For purposes of relative dating this principle is used to identify faults and erosional features within the rock record.
Then, by applying the Principle of Cross-Cutting we are able to relatively date those processes.
Two broad categories of classification methods are relative dating and absolute dating.
It implies that relative dating cannot say conclusively about the true age of an artifact.
Absolute dating, on the other hand is capable of telling the exact age of an item using carbon dating and many other techniques that were not there in earlier times.
In order for any material to be included within in the rock it must have been present at the time the rock was lithified.
For example, in order to get a pebble inside an igneous rock it must be incorporated when the igneous rock is still molten-- such as when lava flows over the surface.
If conditions are right the remains of the dying organisms can then be preserved as fossils within the rock that formed from sediments that covered the remains.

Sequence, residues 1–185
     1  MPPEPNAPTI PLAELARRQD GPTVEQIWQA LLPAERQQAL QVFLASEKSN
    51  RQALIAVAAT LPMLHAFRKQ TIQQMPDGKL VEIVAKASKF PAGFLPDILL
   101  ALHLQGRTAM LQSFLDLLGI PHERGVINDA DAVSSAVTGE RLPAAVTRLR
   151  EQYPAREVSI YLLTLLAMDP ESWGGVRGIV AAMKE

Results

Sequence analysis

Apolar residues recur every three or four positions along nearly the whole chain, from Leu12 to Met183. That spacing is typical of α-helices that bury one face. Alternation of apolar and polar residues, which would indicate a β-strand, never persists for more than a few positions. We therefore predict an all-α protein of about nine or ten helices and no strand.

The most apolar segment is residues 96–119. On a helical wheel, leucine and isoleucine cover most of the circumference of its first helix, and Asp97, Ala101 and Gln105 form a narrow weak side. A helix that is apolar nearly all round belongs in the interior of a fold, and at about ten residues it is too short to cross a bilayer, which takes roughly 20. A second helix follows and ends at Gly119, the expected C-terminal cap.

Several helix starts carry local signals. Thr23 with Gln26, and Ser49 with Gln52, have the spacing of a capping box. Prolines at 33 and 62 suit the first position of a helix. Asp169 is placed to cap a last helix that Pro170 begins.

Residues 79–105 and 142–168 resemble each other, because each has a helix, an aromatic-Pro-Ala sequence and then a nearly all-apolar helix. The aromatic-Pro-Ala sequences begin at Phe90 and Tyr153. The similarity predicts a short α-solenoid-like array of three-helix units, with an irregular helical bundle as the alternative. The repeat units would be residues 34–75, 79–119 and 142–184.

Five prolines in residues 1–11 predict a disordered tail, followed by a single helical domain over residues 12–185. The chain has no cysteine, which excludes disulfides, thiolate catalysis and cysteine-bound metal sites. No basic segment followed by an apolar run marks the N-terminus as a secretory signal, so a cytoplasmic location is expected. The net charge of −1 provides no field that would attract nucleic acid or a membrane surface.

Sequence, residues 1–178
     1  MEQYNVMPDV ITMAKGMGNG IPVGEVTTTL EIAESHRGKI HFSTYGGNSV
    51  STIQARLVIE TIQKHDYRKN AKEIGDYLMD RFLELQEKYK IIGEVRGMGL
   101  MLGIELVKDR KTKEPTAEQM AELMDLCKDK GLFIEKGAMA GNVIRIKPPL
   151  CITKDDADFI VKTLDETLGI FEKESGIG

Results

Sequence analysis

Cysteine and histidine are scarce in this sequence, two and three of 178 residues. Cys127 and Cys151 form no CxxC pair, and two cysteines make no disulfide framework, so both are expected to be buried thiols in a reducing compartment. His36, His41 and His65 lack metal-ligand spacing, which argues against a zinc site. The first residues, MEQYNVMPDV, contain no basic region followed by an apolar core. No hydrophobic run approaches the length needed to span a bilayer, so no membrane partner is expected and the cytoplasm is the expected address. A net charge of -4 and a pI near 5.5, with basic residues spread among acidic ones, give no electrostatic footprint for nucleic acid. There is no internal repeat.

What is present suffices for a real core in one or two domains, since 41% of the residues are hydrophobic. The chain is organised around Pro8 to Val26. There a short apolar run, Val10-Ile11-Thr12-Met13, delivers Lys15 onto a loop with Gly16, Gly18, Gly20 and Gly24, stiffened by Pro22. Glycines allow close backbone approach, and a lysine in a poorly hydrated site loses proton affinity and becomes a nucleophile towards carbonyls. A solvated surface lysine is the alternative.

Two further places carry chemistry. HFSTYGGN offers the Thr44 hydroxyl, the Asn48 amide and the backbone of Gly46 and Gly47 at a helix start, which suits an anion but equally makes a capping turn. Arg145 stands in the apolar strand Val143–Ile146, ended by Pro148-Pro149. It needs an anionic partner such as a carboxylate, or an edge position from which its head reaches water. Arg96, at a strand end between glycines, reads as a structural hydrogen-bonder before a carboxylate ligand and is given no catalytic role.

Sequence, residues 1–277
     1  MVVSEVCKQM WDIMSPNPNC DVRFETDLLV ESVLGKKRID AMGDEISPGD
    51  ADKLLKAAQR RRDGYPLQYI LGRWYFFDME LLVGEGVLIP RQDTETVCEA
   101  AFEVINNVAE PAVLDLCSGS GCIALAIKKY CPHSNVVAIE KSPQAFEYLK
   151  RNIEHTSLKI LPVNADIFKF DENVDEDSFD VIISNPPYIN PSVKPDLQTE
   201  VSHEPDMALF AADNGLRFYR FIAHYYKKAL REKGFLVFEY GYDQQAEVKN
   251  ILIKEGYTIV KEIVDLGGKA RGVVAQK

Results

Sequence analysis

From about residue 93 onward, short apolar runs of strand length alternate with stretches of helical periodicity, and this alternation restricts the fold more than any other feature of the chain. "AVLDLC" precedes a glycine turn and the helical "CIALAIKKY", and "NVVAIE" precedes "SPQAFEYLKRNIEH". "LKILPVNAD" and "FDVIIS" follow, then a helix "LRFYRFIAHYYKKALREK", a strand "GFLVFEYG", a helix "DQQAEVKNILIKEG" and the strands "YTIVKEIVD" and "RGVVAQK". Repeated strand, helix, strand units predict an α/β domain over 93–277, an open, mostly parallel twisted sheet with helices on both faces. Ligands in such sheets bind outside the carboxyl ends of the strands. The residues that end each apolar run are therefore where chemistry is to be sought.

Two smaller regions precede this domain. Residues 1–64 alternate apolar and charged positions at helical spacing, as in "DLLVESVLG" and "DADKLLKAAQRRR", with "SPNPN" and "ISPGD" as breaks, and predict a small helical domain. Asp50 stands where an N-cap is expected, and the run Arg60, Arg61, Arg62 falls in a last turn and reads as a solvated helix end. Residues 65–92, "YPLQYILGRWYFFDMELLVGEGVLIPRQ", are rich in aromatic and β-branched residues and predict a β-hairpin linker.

Since, all sedimentary rock is formed through the gradual accumulation of sediment at the surface over time, and since the principle of superposition tells us that newer sediment is deposited on top of older sediment, the same must also be true for fossils contained within the sediment.
This means that the oldest are the strata that are lying at the bottom.
However, age of deposition does not mean the age of artifacts found in that layer.
The principle of cross-cutting states that any geologic feature that crosses other layers or rock must be younger then the material it cuts across.
Using this principle any fault or igneous intrusion must be younger than all material it or layers it crosses.
The Principle of Original Horizontality states that due to the influence of gravity all sediment is originally deposited horizontally.